Riyadh has denied that the Prince Mohammed was involved.
The Saudi Arabian public prosecutor has charged 11 men with the murder, saying last month that he would seek the death penalty for five.
VULNERABLE: Many women do not report sexual harassment by their landlord over fears they could lose the roof over their head, an expert said A growing number of landlords are asking tenants for sex in exchange for housing as COVID-19 lockdowns and job cuts have left many struggling to pay their rent, housing experts said. A survey by the National Fair Housing Alliance of more than 100 fair housing groups combating discrimination across the US found that 13 percent had seen an increase in sexual harassment complaints during the pandemic. “If I did not have sex with him, he was going to put me out,” one woman facing eviction by her property manager told the alliance in an podcast on its Web site. “As a single
‘OBVIOUS DIFFERENCE’: The Wuhan Institute of Virology has been researching bat coronaviruses to trace the SARS pathogen, which is 80 percent similar to SARS-CoV-2 The Chinese virology institute in the city where COVID-19 first emerged has three live strains of bat coronavirus on-site, but none match the new contagion wreaking havoc around the world, its director has said. Scientists think COVID-19 — which first emerged in Wuhan and has killed more than 340,000 people worldwide — originated in bats and could have been transmitted to people via another mammal. However, the director of the Wuhan Institute of Virology told state broadcaster China Global Television Network that claims made by US President Donald Trump and others that the novel coronavirus could have escaped from the facility were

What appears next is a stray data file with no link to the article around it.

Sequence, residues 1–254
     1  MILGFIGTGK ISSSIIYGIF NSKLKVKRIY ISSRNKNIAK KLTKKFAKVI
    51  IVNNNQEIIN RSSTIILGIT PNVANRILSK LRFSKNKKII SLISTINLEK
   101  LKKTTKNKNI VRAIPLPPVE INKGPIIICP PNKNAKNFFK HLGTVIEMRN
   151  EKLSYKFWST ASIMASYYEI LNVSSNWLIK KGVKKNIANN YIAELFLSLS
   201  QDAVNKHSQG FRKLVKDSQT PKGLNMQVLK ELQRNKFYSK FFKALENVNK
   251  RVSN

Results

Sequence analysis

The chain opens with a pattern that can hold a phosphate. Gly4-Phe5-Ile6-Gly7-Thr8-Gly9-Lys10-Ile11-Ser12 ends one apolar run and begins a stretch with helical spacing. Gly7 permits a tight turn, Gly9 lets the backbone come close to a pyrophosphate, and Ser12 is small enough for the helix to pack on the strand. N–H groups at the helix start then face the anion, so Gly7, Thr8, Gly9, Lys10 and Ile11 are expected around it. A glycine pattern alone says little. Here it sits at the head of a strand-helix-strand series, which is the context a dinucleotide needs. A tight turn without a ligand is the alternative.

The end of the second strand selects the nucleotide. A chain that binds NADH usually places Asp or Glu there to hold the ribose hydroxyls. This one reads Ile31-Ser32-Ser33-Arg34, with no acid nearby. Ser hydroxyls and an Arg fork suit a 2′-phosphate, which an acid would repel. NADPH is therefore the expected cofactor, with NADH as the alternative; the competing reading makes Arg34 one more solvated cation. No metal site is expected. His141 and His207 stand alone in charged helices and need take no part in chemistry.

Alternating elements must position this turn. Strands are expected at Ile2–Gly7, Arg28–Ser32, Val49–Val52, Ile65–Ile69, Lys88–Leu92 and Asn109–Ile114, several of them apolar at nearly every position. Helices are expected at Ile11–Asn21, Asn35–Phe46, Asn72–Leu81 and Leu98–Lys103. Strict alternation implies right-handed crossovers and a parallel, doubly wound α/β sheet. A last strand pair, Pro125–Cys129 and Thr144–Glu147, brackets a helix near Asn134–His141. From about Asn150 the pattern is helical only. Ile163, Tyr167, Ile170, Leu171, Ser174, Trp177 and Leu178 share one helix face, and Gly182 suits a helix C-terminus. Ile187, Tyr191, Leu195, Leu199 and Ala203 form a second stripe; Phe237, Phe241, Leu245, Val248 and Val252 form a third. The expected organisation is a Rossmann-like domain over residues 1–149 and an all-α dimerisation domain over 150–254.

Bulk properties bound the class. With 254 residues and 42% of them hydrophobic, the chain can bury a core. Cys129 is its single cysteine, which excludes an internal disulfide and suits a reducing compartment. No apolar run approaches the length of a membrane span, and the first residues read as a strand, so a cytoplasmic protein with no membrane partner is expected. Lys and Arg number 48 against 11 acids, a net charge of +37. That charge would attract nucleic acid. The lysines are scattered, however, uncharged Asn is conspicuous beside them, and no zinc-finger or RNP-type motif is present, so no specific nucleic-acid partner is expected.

HUMAN RIGHTS ABUSES? An institute of the Chinese Ministry of Public Security and a company are to be sanctioned over ‘human rights violations and abuses’ The US Department of Commerce on Friday said that it would sanction a Chinese government institute and eight companies over alleged human rights abuses against Uighurs and other minorities in China’s western Xinjiang region. “These nine parties are complicit in human rights violations and abuses committed in China’s campaign of repression, mass arbitrary detention, forced labor and high-technology surveillance against Uighurs, ethnic Kazakhs and other members of Muslim minority groups in the Xinjiang Uighur Autonomous Region,” the department said in a statement. The Chinese Ministry of Public Security’s Institute of Forensic Science and Aksu Huafu Textiles Co are to be sanctioned “for
SPACE RACE: The China Aerospace Science and Technology Corp mission aims to land a robotic rover and put a probe into orbit around the planet China is targeting a July launch for its ambitious Mars mission, which includes landing a remote-controlled robot on the surface of the Red Planet, the company in charge of the project has said. Beijing has invested billions of dollars in its space program in an effort to catch up with its rival, the US, and affirm its status as a major world power. The Mars mission is among a number of new space projects China is pursuing, including putting Chinese astronauts on the moon and having a space station by 2022. Beijing had been planning the Mars mission for some time this year,